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Macro Photography Tips For Beginners | Micro Photos

Dan Eitreim
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January 20, 2015

1. Expensive gear is NOT a requirement. Start your photography journey with the equipment you can afford and DON’T be tempted to spend huge money! The range of point and shoot cameras now available at VERY reasonable prices are really all you need to start. If you find that you want to go further with photography – then buy equipment as you can afford to advance.

2. Stand firm. Tripods, or monopods are a valuable and often underused accessory, regardless of the type of camera you have. They help you to stay still to take a photograph in tricky light and slow shutter speeds. They can mean the difference between a great day shooting and a mediocre one!

If you do suffer with a shake then definitely try using one. There are other ways to keep a camera still – try a small “bean bag” and rest the camera on it. Hold the camera against a steady door frame or handy pole – assuming there’s one about! With a bit of ingenuity you can usually find something to help keep a steady camera.

3. Keep your camera with you all the time. I’m always saying this (I may not obey my own “rules” sometimes and usually regret it!), picture opportunities are everywhere if you learn to see them. IF you don’t have a camera with you, make a mental note (or a written one is better!) and return to the scene in the hope that the picture is “still there”…

4. Set a “shooting list” There are MANY opportunities for pictures. OK – I’ve said that before, but it’s also a great thing to make a list of shots you would like to get at some time. Maybe make a To Do list of different types of picture you have seen and would like to try to replicate. Better still take your own slant on a topic and set a goal to make the shot.

5. Don’t overlook “the ordinary” for photography. Some of my good pictures have been taken in my garden or very locally to me. Keep your eyes open for odd shapes in things you usually pass by. There is a wealth of material in your own home and garden areas! This is where learning to SEE the pictures is “required”! A different light, a strange shadow… Simple CAN be excellent!

6. Learning is fun. The topic of photography is massive! Inspiration and opportunity is everywhere and it just requires this “Taking Time to See” and you will be surprised what you could discover. Take time to learn the ins and outs of photography as far as you want to go. READ THE INSTRUCTION BOOK to all your gear. You might be surprised how much easier it is to use the equipment once that’s done!

One basic tip – Just get out there and use the camera!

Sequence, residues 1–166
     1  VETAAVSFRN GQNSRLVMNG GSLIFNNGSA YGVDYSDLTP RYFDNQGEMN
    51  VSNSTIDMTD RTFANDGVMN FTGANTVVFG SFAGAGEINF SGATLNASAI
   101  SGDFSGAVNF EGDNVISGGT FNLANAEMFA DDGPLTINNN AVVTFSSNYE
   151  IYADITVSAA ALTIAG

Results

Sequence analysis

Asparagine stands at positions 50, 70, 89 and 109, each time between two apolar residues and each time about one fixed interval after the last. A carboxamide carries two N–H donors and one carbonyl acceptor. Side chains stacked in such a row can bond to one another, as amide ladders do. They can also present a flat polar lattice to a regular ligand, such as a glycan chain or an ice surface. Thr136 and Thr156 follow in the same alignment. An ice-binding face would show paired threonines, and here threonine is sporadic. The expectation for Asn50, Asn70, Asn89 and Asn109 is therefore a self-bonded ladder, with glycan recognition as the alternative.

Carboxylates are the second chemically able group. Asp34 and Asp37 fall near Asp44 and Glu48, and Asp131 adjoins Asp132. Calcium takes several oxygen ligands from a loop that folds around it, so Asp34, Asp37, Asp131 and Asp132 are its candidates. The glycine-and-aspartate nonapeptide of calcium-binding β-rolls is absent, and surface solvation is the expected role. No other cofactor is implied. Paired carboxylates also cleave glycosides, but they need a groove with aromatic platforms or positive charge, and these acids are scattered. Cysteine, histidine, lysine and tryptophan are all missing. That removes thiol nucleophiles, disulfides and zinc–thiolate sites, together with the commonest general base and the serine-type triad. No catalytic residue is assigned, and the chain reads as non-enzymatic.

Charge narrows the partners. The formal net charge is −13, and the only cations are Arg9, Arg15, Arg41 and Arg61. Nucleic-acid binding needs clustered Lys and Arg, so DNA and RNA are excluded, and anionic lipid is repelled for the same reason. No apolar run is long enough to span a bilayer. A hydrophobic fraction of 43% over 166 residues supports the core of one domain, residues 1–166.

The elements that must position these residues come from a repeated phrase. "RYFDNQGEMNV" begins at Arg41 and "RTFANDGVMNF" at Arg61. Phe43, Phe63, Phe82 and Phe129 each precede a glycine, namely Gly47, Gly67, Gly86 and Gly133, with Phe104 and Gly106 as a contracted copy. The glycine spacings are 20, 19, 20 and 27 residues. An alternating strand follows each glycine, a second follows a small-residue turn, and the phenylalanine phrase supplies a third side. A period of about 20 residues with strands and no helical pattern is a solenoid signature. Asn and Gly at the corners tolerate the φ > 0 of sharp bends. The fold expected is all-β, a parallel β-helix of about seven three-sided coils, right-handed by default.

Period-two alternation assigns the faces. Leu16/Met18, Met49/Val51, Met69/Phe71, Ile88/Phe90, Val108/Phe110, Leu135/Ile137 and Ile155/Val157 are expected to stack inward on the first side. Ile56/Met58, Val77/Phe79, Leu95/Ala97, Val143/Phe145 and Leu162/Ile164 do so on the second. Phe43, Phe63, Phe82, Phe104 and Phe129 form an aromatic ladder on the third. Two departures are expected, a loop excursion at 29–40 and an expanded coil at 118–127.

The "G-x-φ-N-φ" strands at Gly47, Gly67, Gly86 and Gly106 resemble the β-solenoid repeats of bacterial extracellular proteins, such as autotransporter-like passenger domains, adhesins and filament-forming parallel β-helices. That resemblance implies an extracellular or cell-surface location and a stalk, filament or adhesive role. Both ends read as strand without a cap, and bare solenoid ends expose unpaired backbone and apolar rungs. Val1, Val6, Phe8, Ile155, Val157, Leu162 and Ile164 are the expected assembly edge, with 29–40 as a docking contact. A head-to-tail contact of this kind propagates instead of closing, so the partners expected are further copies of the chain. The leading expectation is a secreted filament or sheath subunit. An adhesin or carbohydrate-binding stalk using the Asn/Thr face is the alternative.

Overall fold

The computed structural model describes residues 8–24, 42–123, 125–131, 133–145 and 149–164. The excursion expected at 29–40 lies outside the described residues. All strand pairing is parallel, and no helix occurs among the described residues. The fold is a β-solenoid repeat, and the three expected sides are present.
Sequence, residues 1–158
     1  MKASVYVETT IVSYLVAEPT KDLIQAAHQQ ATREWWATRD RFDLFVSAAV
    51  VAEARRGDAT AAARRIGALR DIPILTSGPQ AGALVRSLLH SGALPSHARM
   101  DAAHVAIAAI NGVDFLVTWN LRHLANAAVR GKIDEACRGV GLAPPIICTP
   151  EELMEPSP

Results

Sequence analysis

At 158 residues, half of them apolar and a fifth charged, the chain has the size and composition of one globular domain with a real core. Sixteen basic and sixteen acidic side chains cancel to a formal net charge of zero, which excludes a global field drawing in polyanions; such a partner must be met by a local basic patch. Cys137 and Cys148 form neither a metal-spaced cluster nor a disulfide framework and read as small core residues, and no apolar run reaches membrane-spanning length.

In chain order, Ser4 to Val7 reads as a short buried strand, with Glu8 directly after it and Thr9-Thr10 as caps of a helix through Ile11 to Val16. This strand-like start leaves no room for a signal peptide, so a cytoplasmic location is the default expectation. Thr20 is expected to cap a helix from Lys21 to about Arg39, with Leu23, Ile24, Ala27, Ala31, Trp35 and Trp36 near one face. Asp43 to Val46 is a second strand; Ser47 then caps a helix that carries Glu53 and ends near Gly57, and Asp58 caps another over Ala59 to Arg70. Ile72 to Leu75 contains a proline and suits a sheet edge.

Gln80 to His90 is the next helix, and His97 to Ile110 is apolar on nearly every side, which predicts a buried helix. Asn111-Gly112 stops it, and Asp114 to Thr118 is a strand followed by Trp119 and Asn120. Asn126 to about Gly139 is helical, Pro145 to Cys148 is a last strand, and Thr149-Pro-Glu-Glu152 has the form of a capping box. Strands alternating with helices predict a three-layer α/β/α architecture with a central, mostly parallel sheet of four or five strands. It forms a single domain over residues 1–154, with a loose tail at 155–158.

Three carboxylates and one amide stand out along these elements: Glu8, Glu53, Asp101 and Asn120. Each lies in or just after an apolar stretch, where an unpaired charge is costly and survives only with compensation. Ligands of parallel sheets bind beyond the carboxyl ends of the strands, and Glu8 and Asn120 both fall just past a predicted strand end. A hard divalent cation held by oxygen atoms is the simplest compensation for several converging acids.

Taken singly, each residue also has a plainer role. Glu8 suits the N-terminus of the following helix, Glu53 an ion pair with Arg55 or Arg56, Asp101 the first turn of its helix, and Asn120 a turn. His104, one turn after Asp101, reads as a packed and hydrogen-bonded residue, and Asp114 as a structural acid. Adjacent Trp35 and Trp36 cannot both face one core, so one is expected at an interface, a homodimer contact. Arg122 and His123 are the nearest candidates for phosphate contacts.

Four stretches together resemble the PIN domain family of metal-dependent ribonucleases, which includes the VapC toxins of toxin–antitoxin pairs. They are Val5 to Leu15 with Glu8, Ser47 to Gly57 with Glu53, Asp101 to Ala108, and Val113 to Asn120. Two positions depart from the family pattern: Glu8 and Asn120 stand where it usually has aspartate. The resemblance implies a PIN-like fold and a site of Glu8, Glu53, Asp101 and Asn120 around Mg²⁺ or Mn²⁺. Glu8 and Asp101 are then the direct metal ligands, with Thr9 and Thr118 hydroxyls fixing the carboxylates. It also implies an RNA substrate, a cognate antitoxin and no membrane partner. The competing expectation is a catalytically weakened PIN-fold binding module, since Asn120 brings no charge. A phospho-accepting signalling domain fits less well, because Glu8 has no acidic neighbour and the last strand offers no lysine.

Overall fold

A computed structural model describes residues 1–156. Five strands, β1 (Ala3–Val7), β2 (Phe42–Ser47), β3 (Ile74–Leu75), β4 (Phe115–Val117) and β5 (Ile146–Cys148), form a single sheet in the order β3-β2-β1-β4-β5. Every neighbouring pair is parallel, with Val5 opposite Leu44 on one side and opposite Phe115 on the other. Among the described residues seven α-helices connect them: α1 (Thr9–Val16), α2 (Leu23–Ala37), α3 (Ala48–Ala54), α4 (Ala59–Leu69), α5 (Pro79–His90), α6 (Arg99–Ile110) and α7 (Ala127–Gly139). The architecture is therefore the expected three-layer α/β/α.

7. Learn Free! There is so much free information, free software and tools out there on the net. Use them – you do NOT need to spend money to start, apart from the camera and other hardware. You will need a computer but most people / families have them now. Just add free tools and go for it.

8. Learn and play with your camera’s settings. Just read the instruction book and learn what the dials and buttons do. It helps! Many of the point and shoot cameras are pretty sophisticated – much more so than when we started back in the 70s and 80s!! (Oh dear I can hear the violins and mewling starting now! It’s such a shame!) Point and shoot was just that! No (or very few) settings and you got what results you could. Trouble is you also had to pay for the mistakes to be printed! Digital allows a lot more freedom. Play and experiment!

9. Learn the basic rules. Learn what makes a great picture! What the camera sees and records in a picture is really quite different to what we see with our eyes! A few tips from experienced photographers can mean a lot to help your photographic experiences. Online there are innumerable forums and websites that give a wealth of free information. Look for articles on composition and technique; take note of what the “rules” of photography are as suggested by other photographers in the business. Then you can go and break the rules to make your own stamp on your photography…

10. Use the camera. A picture a day. Try it and see how you get on. Make a list of weekly assignments that you set yourself. There are many forums that have Weekly Assignment topics. Try them and keep pushing yourself to do more. Practice, practice works wonders! Keep that camera WITH you!

11. Experiment. There are NO film processing costs! With a digital camera, mistakes are free. Photograph a LOT and learn while you do it. It’s FUN!

My name is Mike Finding and I am a very keen and active photographer. I have been using a camera for 40+ years and have learnt so much from the earlier days of darkroom processing and I now love the digital format. I have a website providing some great information to anyone who would like to take advantage of it at mikefinding.com/My eBook and reports are being well received and I am keen to help people to start to use a camera – regardless of the type and level of expertise. Many great photographs have been taken using just mobile phones and the basic point and shoot style of camera.

Article Source: EzineArticles.com

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